Just as tastes in female beauty have differed widely through the ages — take a comparative glance at the damsels Rubens featured with those of Botticelli (I leave the Venus of Willendorf out of account) — so, too, does the taste in wine vary through the ages.
The British critic George Saintsbury was a giant in the field of literary scholarship. He was also an avid apologist for wine, and his Notes on a Cellar-Book (1920) is a classic in the literature of wine writing. A modern reader, however, cannot help but be struck by the prominent place given to wines that have fallen out of favor today, especially such fortified wines as sherry, Madeira and port.
Indeed, after some preliminary observations, he begins the book with a chapter on the first two and then proceeds with an entire chapter devoted to port. Claret and Burgundy share a chapter, and although he pronounces the wines of those regions ‘glorious’, Saintsbury indulges in a series of mild deprecations throughout the chapter. He notes the vogue surrounding the great Pauillac Pontet-Canet, but sniffs, ‘I never cared for it.’ St Emilion as a whole — even the stupendous Cheval Blanc — suffers a similar deflation. ‘I certainly do not wish to say anything against them,’ Saintsbury writes, but ‘I have never much cared for them.’
But about fortified wines — wines, that is to say, that have been ‘improved’ by the additions of spirits and (often) some form of sugar — he waxes rhapsodic. Tasting dinners featuring several wines are not uncommon. Saintsbury is unique, I think, in once assaying ‘a fully graded menu and wine-list with sherry only to fill the latter’.
My years in graduate school probably coincided with the last possible moment that a teacher would think of offering his students a glass of sherry. I once had a tutorial on Plato with the great Platonist Robert Brumbaugh. We met weekly for about an hour in the late morning. At the conclusion of class, before we repaired to luncheon, he would pour us both a small glass of sherry. Under the dispensation of the new puritanism installed by the triumph of political correctness, such rituals are probably actionable, even though (or perhaps because) they brokered important educational moments.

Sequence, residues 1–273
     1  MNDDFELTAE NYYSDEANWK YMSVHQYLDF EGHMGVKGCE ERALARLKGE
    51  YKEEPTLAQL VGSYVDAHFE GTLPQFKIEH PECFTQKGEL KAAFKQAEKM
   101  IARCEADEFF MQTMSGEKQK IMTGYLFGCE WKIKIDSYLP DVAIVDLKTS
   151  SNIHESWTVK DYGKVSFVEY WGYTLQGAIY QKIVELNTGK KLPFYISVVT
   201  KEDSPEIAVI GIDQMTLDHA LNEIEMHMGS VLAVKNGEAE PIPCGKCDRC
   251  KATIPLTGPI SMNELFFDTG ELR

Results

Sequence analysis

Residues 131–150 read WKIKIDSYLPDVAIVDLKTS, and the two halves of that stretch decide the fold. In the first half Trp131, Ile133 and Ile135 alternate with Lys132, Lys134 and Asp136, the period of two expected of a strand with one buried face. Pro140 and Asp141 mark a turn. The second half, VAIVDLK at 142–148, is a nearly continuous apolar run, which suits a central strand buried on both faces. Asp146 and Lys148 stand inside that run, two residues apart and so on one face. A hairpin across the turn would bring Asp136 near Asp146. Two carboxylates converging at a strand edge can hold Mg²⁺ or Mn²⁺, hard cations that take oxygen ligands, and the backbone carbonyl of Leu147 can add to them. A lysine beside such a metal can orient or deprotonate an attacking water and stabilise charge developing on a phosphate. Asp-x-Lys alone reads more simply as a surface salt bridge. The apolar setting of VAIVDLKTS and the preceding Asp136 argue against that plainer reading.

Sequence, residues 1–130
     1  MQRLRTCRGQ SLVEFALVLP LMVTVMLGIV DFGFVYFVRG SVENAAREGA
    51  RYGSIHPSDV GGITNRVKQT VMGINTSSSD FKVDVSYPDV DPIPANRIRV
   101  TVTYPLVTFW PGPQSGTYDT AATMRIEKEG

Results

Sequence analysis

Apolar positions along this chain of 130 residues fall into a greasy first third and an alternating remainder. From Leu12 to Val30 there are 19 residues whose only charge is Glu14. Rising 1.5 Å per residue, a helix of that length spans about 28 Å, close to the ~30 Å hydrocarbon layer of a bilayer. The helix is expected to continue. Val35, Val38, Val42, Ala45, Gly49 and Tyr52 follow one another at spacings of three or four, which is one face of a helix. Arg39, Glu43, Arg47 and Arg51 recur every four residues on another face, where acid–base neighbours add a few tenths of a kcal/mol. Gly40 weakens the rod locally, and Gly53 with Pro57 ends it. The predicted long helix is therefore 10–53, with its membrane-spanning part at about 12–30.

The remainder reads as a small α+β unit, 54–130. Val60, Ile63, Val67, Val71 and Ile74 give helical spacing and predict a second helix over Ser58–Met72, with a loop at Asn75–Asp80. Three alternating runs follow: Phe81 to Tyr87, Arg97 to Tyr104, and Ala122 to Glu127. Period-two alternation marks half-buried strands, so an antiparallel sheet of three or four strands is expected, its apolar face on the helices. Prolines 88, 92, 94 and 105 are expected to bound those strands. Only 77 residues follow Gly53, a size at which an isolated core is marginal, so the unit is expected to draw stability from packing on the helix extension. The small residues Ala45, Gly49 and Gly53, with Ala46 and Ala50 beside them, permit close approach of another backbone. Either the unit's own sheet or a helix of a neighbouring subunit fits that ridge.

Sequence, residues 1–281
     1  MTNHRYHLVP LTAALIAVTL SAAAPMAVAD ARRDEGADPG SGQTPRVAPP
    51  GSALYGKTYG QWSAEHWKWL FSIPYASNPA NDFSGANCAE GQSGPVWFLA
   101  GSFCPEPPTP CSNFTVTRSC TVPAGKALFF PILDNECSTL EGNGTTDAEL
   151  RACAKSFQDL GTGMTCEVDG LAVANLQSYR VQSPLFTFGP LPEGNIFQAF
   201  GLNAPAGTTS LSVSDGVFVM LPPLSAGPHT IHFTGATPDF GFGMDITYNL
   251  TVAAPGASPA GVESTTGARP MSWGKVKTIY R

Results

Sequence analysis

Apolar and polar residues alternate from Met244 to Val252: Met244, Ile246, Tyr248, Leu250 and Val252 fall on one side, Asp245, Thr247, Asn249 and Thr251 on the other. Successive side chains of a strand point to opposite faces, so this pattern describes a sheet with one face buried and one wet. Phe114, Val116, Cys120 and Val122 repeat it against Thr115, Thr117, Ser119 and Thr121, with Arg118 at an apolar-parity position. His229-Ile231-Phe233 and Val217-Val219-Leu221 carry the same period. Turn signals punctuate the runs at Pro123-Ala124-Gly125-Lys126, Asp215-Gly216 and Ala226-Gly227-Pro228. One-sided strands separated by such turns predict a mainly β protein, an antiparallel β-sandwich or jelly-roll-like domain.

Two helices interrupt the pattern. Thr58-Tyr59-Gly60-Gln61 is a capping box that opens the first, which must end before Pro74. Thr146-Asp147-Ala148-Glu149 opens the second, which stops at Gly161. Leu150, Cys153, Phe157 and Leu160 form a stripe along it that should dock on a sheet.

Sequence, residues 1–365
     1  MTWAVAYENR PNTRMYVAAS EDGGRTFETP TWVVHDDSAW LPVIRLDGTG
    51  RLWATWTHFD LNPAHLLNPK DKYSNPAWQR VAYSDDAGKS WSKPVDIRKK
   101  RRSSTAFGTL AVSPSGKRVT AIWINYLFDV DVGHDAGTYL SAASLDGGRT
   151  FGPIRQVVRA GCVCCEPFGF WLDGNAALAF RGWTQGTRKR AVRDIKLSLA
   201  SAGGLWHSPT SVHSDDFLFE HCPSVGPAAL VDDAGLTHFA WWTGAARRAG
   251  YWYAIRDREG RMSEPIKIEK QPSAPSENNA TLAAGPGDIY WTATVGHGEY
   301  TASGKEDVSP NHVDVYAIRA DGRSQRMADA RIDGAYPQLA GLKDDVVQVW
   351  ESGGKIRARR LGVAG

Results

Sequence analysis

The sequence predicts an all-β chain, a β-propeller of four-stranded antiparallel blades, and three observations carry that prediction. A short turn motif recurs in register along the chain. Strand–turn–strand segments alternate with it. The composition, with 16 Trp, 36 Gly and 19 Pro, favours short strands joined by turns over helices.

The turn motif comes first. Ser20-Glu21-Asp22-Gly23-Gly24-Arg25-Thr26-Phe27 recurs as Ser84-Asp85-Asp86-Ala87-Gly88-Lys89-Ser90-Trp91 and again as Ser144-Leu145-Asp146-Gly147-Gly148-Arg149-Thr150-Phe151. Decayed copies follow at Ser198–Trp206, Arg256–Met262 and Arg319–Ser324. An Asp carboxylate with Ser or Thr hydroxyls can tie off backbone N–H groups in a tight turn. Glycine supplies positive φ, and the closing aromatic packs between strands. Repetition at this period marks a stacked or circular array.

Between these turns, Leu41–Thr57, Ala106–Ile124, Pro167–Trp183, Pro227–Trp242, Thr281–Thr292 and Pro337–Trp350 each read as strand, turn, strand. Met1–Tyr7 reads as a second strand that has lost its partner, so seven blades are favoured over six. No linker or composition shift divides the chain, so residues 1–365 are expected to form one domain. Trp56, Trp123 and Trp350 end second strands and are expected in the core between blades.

Madeira is even less popular than sherry these days. Were it not for the pudding zabaglione and Flanders and Swann’s classic ‘Have Some Madeira, My Dear’, I am not sure it would register in contemporary consciousness at all.
Port is a different matter. It’s by no means as common as it once was, but in serious households a good bottle of vintage port frequently marks the conclusion of a celebratory or holiday meal, especially in the winter months.
A single swallow does not a summer make, but Ports of New York Winery may be a herald of a change or augmentation of the winds of fashion in favor of a revival of interest in fortified wine. This small, artisanal winery in Ithaca, New York has been in business only since 2003. But Frédéric Bouché, the founder, comes from a medium-long line of French winemakers in Bordeaux and then Normandy. He emigrated with his American wife in the 1990s, and they set up in business together.
‘In starting this winery, we decided we didn’t want to do yet another Riesling, yet another wine that was well-represented here,’ Joanna Bouché told a recent interviewer. ‘We also wanted to work with Frederic’s background, his knowledge, his traditions, so the style of wines that we offer, for the most part, are different from what most wineries do.’
This is true. At the moment, they make two table wines, a white (Sancerre-like and predominantly Sauvignon Blanc) and a red (a Medoc-like blend of Cabernet Sauvignon, Cabernet Franc and Merlot). Both are a reasonable $18 and are marketed under the label ‘Quotidian’, a Latinate word meaning ‘daily’ (as in ‘Give us this day our daily bread’). The grapes in all their wines come exclusively from the Finger Lakes region.
But I think Ports of New York is more celebrated for its two fortified ‘specialty’ wines called Meleau, a Latin-French coinage joining mel (honey) plus eau, as in eau de vie. Both are $48. The red is a sort of port, a mix of Cabernet Franc and Merlot with Noiret, a recent hybrid developed by agricultural scientists at Cornell University. Started with a dollop of honey-fed yeast, the fermentation is stopped by a dash of brandy to ‘fortify’ the wine. It weighs in at about 17 percent alcohol, lighter than a typical port, and with a modest 6 percent residual sugar. It’s not Taylor’s or Quinta Do Noval Nacional, but it is perfectly agreeable and worth trying.
The same is true of the white, a golden, sherry-like wine that is predominantly a blend of Muscat Ottonel and Vignoles, again with a dash of spirits added to stop fermentation. It, too, is light on alcohol, which means that, were Professor Brumbaugh still teaching class, he could offer two glasses instead of one before luncheon.